Federal government shutdowns in the US are not just about money. They often happen when one political party feels that threatening to shut the federal-funding spigot is the best leverage to use in a political battle.
And in recent years, the parties have battled over a lot of things. This latest one was no. 19 since 1976.
The causes of some them may surprise you.
January 19-22, 2018
The most recent impasse hinged on the ongoing debate over immigration. Democrats voted against a bill to fund the government because they want a fix for DACA, the program allowing some young illegal immigrants to remain in the US, before it expires in March. Republicans want border security enhancements, including funding for President Trump's border wall, before they'll agree to help fix DACA. After a shutdown of three days, Senate Democrats reached a compromise with Senate Republicans to reopen the government and keep it funded through February 8 in exchange for a promise to deal with DACA before then.
Obamacare and the debt ceiling
October 1-16, 2013
Republicans wanted to a way to get rid of Obamacare (some things never change) so they refused to back any spending bill that didn't defund the Affordable Care Act. Democrats balked at that, of course, and a 16-day shutdown was on. This shutdown got tied up with the debt ceiling, which needed to be raised at about the same time, so the GOP used that as leverage, too. This one ended after the Dems stayed united, while the Republicans essentially gave in and accepted a small Obamacare concession to save face.
December 16, 1995-January 5, 1996
The longest shutdown in US history was, surprise, actually about money. The GOP-led Congress clashed with Democratic President Bill Clinton over the level of federal spending. The Republicans refused to OK a spending bill because they wanted the Democrats and the White House to, among other things, agree to deep cuts in Medicare and Medicaid. Plus the GOP wanted the White House to rely on Congressional Budget Office figures for their budget calculations, which weren't as optimistic as projections from the administration's Office of Management and Budget. The shutdown ended after 21 days, with Clinton bowing to a key Republican demand: submitting a seven-year balanced budget plan scored by the Congressional Budget Office.
November 14-18, 1995
The first of the two shutdowns that occurred during Bill Clinton's presidency started after Clinton vetoed spending bills from the GOP-led Congress. Clinton was unwilling to accept a Republican plan that would balance the federal budget in seven years by cutting taxes; slashing Medicare, Medicaid and welfare benefits; and trimming hundreds of other federal programs. But there was another, more bizarre beginning to this one. House Speaker Newt Gingrich said he sent Clinton a tougher spending budget because he was forced to exit from the back of Air Force One while traveling with Clinton during an international trip. A short-term budget deal and a promise for more negotiations ended this impasse after just a week.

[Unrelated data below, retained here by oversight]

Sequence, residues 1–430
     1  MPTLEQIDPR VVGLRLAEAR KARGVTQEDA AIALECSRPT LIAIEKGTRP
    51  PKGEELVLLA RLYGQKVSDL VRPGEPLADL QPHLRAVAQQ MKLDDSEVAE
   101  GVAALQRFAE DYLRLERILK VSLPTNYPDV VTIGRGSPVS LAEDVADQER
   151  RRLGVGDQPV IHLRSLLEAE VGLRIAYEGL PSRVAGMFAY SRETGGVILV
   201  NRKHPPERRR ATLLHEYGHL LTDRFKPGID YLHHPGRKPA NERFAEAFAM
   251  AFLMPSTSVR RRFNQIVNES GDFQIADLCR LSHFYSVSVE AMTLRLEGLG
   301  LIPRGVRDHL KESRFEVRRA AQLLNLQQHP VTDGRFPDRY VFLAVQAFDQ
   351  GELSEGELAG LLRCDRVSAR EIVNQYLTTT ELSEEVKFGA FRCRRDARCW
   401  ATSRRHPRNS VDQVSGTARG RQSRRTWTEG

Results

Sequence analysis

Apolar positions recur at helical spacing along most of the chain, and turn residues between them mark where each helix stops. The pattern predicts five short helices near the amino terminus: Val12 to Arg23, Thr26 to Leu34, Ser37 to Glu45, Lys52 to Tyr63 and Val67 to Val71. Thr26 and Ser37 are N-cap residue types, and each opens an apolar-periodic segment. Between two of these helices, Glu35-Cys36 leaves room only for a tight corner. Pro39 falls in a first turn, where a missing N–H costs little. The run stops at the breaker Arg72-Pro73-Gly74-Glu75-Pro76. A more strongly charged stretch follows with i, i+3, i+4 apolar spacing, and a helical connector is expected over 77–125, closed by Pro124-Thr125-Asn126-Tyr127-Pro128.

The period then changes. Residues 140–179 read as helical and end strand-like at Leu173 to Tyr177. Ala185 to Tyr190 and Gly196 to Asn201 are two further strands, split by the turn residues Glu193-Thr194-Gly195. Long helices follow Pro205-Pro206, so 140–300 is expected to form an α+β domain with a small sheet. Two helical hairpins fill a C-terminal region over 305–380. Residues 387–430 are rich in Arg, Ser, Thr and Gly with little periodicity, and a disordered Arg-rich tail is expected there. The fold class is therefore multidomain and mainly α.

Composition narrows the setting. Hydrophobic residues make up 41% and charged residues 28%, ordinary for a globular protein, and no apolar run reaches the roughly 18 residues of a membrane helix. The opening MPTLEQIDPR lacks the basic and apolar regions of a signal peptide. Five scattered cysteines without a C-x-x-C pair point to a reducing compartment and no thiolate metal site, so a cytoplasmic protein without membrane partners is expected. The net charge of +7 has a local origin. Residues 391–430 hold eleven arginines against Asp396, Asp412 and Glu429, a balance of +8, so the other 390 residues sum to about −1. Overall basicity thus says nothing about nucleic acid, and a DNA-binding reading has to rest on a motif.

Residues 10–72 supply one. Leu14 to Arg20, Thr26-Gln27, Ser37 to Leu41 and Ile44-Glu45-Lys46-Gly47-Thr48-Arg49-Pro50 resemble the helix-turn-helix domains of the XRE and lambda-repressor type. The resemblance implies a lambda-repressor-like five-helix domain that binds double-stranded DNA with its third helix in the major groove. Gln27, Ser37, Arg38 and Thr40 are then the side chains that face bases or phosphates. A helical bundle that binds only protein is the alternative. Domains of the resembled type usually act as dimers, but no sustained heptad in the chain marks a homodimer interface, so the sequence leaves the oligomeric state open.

October 6-8, 1990
The first President Bush was so serious about taming the national deficit that he vetoed a spending bill that didn't curb spending and raise revenue. The shutdown began after the House failed to override his veto. The shutdown ended after three days when a short-term spending bill was approved along with a promise by lawmakers to find more areas for deficit reduction.
December 19, 1987
President Reagan wanted to continue aiding the Contra rebels in Nicaragua, but Congress, run by Democrats, opposed the plan. Reagan had threatened to veto a spending bill unless the aid was included. The Democrats also waged a fight to save the Fairness Doctrine, which required broadcasters to offer opposing viewpoints on the air (although by the mid-'80s, federal agencies had stopped enforcing it). There was a brief, one-day shutdown before Reagan got his wish: the Democrats gave up on the Fairness Doctrine and agreed to send millions in nonlethal aid to the Contras.
October 1-11, 1979
A shutdown lasting about a week and a half occurred after President Carter vetoed a defense authorization bill because it contained funds for a $2 billion nuclear-powered aircraft carrier that he said was a waste. Carter wanted Congress to rework the bill to cut money for the carrier and provide more funds for research and development and combat readiness. Carter later signed the bill, with the nuclear aircraft carrier deleted from the legislation.
October 1-12, 1977; November 1-8, 1977; December 1-8, 1977
Legislative battles over abortion led to several government shutdowns in the fall and winter of 1977. The Senate wanted to loosen the restrictions on Medicaid funds being used for abortion -- which were only in cases where the mother's life was at stake -- to also include cases of rape or incest. The House was opposed to this. The two sides couldn't come up with a compromise by the end of the fiscal year that September, so there was a funding gap. A temporary spending bill was passed to give the House and Senate time to work out their differences, and this cycle would repeat itself until a deal was struck in December 1977 allowing Medicaid funds to be used in abortions, including in cases of rape, incest and when the mother's health was at risk.